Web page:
Pfizer to close plants cutting 10000 jobs

Pfizer Inc., struggling with fierce competition from makers of generic drugs, announced Monday it will cut 10,000 jobs and close at least five facilities as part of an effort to slash its annual costs by up to $2 billion by the end of next year.

The drastic measures by the world's largest drug maker highlight the challenges faced by many pharmaceutical companies recently. In addition to patent expirations, big drug companies are facing a business climate where insurers and other large purchasers of medicines are demanding lower prices and more evidence of products' worth.

Although big rounds of job cuts typically boost a company's stock prize, shares of Pfizer fell 27 cents, or 1 percent, to close Monday at $26.95 on the New York Stock Exchange.

It's the second time in two years the maker of Viagra and Lipitor has announced a major cost-reduction plan to combat the loss of about $14 billion in revenues from 2005 to 2007 due to expiring patents. The company is at risk of losing 41 percent of its sales to generic competition between 2010 and 2012, including the revenue from its top seller Lipitor, according to Prudential analyst Tim Anderson.

The latest cuts come on top of a previously announced plan to slash costs by $4 billion a year by 2008. On Monday, Pfizer said it would cut an additional $500 million to $1 billion in costs. However, it said some of the savings would be redeployed into the company so the total savings would be between $1.5 billion and $2 billion a year

The 10,000 layoffs amount to about 10 percent of the company's global work force and include the elimination of 2,200 jobs from the U.S. sales force, which Pfizer announced late last year. The company said Monday it would cut 20 percent of its European sales force but didn't say how many jobs that will be, the AP reports.

Alice Hunt, a spokeswoman for London-based Glaxo, and Steve Brown, a spokesman for London-based AstraZeneca Plc, declined to comment on how Pfizer's plan would affect their need for sales staff. Jean-Marc Podvin, spokesman for Paris-based Sanofi, declined to comment before the company's Feb. 13 earnings release and press conference.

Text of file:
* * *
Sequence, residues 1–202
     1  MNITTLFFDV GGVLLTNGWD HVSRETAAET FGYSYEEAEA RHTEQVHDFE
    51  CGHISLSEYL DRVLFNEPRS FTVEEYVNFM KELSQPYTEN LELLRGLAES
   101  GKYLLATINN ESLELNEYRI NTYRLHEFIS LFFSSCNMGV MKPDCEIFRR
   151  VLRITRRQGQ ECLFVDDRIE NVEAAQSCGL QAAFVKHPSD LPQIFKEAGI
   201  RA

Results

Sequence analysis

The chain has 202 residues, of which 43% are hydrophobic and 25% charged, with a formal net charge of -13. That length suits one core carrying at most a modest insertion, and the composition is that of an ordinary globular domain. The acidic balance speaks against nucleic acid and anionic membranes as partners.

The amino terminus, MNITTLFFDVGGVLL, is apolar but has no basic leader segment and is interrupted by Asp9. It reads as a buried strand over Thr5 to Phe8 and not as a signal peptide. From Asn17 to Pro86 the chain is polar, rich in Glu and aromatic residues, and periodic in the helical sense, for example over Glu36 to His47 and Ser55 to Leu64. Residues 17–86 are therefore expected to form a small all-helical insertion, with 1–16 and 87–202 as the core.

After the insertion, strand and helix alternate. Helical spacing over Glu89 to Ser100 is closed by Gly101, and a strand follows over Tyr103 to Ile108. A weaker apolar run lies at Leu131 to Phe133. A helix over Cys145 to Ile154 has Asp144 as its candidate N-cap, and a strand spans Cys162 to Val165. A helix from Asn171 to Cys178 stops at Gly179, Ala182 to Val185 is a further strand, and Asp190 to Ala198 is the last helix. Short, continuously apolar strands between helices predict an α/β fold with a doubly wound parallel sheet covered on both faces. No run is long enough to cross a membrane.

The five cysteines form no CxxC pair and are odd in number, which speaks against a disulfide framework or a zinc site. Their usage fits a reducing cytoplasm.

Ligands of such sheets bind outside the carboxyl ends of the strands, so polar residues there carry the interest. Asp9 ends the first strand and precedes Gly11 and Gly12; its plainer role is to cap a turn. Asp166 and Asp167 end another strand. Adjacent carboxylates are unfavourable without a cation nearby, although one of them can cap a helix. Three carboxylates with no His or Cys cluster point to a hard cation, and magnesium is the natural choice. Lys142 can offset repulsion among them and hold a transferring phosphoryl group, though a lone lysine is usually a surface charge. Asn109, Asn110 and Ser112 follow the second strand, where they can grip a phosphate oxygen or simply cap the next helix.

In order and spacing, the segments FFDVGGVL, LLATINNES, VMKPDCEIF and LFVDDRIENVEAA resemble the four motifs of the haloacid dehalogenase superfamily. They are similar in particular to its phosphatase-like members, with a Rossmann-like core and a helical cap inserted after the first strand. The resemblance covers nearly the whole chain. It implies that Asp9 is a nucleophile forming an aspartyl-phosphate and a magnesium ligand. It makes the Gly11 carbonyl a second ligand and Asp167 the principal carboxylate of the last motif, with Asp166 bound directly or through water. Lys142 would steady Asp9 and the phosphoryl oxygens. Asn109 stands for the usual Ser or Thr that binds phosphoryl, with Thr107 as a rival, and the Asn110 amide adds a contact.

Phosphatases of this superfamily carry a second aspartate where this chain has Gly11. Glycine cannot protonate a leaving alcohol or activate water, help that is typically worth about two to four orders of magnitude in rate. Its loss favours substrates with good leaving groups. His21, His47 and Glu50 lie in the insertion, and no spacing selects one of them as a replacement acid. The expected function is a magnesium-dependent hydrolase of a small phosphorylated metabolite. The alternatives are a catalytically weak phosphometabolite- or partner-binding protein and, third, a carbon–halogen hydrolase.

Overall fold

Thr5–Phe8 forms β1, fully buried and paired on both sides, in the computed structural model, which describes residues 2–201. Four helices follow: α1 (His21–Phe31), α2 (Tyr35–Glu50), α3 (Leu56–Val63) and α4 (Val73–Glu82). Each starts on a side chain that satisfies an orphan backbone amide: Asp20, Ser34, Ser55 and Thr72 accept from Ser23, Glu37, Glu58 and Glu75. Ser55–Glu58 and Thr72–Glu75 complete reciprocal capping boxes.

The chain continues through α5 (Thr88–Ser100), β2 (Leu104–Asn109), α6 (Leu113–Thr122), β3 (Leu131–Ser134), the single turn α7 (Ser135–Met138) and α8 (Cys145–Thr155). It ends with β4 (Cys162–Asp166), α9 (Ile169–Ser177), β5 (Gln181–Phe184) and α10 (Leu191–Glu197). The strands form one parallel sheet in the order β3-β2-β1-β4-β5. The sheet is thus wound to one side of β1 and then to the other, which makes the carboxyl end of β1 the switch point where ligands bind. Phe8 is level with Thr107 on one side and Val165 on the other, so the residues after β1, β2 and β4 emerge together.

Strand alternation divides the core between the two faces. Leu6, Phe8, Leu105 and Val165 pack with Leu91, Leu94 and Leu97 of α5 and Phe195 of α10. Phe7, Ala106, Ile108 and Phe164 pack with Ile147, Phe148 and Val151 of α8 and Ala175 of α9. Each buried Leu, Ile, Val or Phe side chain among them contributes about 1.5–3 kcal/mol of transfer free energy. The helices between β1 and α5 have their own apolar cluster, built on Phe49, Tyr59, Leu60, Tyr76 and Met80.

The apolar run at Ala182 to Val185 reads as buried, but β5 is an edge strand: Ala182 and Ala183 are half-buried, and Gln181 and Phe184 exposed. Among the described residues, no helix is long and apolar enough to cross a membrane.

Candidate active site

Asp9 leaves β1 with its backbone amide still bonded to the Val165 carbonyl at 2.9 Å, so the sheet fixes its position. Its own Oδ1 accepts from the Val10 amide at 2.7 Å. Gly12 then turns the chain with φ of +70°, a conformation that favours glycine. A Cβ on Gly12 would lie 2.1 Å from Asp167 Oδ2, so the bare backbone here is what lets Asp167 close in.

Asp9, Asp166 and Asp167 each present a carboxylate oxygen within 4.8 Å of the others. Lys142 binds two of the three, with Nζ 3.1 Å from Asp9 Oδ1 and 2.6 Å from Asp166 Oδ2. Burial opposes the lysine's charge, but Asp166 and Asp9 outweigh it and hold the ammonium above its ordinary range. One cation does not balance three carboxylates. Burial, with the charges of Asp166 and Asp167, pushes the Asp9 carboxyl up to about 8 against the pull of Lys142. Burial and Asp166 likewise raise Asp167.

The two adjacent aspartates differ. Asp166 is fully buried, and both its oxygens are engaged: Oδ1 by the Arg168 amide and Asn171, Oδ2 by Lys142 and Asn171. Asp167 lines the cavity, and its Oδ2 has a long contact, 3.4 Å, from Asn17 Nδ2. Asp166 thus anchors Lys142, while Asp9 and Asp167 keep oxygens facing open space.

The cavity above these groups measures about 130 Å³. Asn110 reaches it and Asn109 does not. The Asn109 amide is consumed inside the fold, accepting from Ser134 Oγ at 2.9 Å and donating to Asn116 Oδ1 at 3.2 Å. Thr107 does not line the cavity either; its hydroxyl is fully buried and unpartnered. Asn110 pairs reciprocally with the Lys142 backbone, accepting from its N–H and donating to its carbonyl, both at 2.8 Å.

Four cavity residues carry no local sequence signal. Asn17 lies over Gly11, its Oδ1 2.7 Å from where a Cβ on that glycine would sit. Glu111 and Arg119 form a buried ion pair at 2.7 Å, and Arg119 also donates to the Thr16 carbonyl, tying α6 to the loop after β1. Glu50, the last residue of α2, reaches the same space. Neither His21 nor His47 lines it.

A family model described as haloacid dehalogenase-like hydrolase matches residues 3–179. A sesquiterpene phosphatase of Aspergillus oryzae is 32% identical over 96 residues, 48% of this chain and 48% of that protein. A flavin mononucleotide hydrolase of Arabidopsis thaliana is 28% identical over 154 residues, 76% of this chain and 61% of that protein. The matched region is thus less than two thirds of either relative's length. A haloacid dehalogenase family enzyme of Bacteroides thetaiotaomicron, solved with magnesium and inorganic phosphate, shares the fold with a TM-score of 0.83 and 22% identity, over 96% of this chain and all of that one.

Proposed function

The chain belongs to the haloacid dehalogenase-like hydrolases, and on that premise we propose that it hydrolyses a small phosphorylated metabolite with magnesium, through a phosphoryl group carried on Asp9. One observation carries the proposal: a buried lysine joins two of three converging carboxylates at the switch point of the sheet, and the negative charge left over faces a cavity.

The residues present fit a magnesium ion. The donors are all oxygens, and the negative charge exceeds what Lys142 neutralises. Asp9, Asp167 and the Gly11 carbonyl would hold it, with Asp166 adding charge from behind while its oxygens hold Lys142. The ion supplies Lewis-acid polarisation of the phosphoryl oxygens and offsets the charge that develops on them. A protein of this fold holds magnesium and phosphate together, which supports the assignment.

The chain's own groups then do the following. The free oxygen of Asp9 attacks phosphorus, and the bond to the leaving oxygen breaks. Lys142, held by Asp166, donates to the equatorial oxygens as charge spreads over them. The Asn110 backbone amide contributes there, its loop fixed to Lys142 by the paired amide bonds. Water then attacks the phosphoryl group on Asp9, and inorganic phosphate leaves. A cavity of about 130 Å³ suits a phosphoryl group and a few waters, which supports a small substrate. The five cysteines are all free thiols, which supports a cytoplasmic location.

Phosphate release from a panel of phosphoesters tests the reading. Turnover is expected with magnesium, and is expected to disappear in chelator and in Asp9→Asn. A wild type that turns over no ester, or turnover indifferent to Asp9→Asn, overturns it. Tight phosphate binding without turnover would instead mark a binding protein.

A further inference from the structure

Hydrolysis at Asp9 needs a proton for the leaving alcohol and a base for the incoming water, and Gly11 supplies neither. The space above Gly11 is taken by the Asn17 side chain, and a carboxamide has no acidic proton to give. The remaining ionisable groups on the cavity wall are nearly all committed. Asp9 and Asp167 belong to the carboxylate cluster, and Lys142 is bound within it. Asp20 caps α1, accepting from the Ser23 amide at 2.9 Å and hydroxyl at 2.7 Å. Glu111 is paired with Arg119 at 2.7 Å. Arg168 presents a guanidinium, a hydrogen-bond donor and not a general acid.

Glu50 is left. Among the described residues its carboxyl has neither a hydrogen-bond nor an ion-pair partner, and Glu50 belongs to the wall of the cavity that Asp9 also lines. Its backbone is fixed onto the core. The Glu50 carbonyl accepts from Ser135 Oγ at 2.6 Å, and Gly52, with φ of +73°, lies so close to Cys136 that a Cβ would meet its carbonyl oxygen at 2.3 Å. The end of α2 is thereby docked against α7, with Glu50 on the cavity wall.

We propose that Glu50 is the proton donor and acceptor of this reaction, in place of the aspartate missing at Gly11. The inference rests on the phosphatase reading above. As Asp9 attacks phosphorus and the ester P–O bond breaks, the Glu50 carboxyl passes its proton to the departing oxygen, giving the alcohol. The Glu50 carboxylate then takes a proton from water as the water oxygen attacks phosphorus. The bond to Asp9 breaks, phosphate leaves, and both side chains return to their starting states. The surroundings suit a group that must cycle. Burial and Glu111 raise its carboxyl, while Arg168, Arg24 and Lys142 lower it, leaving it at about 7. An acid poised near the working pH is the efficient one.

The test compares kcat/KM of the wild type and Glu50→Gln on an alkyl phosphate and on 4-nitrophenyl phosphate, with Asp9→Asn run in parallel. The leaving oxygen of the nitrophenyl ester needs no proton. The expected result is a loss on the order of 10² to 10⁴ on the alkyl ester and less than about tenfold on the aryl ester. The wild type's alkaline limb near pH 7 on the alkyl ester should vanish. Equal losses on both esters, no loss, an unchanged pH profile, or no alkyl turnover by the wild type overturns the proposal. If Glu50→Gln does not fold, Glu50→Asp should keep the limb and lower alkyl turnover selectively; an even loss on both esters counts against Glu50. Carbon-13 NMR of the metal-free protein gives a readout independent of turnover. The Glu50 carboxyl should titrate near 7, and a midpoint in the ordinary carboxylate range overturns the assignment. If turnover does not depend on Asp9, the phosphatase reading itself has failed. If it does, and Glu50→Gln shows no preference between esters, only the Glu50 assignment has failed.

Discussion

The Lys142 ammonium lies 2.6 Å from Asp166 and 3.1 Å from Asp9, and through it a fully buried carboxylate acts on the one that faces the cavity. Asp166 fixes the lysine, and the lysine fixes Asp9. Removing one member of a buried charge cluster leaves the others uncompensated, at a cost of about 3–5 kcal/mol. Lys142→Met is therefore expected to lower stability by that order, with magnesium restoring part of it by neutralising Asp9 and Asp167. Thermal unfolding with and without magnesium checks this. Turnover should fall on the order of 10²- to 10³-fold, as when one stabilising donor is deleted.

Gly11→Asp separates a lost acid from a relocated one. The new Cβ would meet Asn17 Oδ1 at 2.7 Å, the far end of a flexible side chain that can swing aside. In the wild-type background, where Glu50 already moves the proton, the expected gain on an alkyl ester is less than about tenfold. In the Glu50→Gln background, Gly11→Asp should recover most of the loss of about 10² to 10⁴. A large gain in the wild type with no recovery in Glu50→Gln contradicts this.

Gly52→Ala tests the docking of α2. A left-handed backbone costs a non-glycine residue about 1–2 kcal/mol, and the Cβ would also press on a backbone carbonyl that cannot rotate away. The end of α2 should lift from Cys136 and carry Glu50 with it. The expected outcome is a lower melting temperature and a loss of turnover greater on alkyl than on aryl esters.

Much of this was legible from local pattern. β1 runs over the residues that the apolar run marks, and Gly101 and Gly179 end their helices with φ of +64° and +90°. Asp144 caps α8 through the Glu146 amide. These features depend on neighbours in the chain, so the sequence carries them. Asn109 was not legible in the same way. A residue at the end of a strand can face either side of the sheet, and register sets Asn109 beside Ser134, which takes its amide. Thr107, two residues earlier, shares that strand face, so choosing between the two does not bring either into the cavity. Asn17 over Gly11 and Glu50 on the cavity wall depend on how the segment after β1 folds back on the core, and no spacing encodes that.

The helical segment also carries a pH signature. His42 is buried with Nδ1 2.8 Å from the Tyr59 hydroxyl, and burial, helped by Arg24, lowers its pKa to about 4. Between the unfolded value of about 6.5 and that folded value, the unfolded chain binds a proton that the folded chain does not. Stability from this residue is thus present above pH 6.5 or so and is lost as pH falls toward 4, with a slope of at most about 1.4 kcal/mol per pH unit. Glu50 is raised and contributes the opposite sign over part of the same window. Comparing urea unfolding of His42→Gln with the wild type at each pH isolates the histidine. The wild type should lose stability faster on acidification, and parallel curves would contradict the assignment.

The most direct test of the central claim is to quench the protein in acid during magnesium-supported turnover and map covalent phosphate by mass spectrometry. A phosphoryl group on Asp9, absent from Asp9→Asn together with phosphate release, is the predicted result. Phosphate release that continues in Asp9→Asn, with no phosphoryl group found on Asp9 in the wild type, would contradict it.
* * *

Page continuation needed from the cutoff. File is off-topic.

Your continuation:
At Pfizer, fourth-quarter revenue rose less than a percent to $12.6 billion as generic competition weighed on sales of the antidepressant Zoloft, Pfizer's third-biggest drug. The company repeated a forecast that revenue won't grow in 2007 and 2008 above last year's $48.4 billion.

Pfizer's sales will plummet after 2011 when it loses patent protection for its Lipitor cholesterol pill, which accounts for almost half of profit, analysts predicted. In the fourth quarter, revenue from the drug declined to $3.34 billion from $3.36 billion a year earlier. The product's sales for 2006 rose 6 percent to $12.9 billion, missing the company's goal of $13 billion.

Pfizer shares declined 7 cents to 20.68 euros ($26.84) in Frankfurt after closing at $26.95 yesterday in New York Stock Exchange composite trading. The U.S. shares have gained 9 percent in the past 12 months, underperforming a 13 percent rise in the 14-member Standard & Poor's 500 Pharmaceutical Index.

Shares of Glaxo fell 2 pence, or 0.1 percent, to 1,404 pence at 8:23 a.m. in London , while AstraZeneca shares declined 12 pence, or 0.4 percent, to 2,838 pence. Sanofi's stock gained 10 cents, or 0.1 percent, to 70.50 euros in Paris.

Analysts estimate Pfizer will lose patent protection through 2011 on five other drugs with $8.69 billion in 2005 sales, Bloomberg reports.

Source: agencies

Prepared by Alexander Timoshik

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Author`s name Alex Naumov